Dangerous, or lazy.  That's another stereotype - the lazy black youth, not committing to education, not hustling to find a job, etc.  Expecting the world to be handed to them, carelessly impregnating women and then taking no responsibility.
Again, what's this based on? 
I know really smart, passionate and action-oriented black people.  I know lazy, reactive white people.  I know tall East Asians and short Northern Europeans - so what?  Strengths and weaknesses can crop up anywhere, regardless of social setting.

There are modestly capable sons and daughters from Rosedale who will have incredible opportunities dropped in their lap because of factors other than their actual skills.  There are also wickedly passionate and intelligent youth in places like Lawrence Heights who will get arrested for standing up to police using nothing but legal arguments.

Shouldn't we be looking to support the strengths/mitigate the weaknesses of all youth equally?  If we don't, how's that good for the whole of our economy or society - or is the whole public good not the goal?    
When it comes to talent recruitment or problem identification, we have internal lists of usual suspects.  It's a stereotype that pervades employment and crime: an Asian kid applying for a tech job has an inherent advantage over a white or black one based on cultural sterotypes for the exact same reason a black kid committing a misdemeanor will be, on average, treated more aggressively than a white one.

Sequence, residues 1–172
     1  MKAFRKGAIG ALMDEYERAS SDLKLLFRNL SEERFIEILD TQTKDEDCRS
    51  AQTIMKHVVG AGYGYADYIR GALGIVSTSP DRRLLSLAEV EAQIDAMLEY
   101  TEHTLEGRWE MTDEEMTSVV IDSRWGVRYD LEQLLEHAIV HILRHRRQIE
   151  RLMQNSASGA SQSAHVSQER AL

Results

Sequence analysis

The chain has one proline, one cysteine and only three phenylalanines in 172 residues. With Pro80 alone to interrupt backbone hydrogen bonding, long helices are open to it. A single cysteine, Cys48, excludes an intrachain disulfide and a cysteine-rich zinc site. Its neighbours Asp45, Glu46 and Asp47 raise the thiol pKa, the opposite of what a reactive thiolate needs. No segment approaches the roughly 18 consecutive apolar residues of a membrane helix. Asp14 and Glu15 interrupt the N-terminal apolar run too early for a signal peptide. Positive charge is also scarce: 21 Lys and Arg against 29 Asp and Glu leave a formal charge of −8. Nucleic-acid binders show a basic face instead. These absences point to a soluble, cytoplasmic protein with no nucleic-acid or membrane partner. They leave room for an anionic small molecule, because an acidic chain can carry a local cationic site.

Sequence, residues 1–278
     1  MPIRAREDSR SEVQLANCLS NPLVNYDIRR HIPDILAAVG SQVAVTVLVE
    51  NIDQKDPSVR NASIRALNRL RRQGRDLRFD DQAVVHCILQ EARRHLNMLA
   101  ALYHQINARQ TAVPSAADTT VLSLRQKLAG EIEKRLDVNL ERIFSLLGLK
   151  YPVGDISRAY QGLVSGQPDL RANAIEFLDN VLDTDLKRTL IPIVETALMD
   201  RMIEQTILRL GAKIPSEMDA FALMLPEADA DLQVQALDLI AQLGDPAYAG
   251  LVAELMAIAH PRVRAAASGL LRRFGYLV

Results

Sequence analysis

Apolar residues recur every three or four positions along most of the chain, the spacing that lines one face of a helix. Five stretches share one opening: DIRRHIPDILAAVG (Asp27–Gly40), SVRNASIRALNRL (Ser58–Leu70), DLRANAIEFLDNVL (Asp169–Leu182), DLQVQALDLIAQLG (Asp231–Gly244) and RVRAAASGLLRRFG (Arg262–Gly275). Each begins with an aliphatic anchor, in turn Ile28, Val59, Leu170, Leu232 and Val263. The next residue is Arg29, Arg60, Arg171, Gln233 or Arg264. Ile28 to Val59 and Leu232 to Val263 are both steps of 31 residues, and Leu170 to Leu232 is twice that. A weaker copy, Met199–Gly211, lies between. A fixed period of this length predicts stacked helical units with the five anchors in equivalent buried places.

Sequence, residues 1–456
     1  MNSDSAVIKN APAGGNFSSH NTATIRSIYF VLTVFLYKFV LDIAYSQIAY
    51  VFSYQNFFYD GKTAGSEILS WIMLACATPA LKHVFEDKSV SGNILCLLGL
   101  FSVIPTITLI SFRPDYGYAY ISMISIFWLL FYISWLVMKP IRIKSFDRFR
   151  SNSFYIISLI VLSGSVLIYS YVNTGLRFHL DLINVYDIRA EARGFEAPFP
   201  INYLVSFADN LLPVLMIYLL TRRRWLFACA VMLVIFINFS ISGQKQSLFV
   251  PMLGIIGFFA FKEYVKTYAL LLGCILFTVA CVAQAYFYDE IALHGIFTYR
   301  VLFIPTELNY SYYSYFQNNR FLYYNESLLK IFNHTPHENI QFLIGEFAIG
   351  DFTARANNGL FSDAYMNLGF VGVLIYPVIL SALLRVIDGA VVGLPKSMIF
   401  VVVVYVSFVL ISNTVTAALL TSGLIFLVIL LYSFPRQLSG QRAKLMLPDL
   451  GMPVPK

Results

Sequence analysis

Why is this?  If you're a racist, you might assume it really is a black-person problem, or a First Nations problem, etc. best contained so as not to cause harm to the rest of us.  Besides, this means there will always be a source of cheap labour to do the jobs we don't want to and just needing strong supervision to keep them in line.
If you're a sociology-committer, you may peer back in time and look at the pervasive socio-cultural context of imperialism, slavery and segregationist policies and come to the conclusion that we have a structural problem that has been imposed on black people, forcing them into a sort of learned helplessness and, where individuals stand up or push harder, the barriers between them and success are far greater than for Euro-Canadian peers.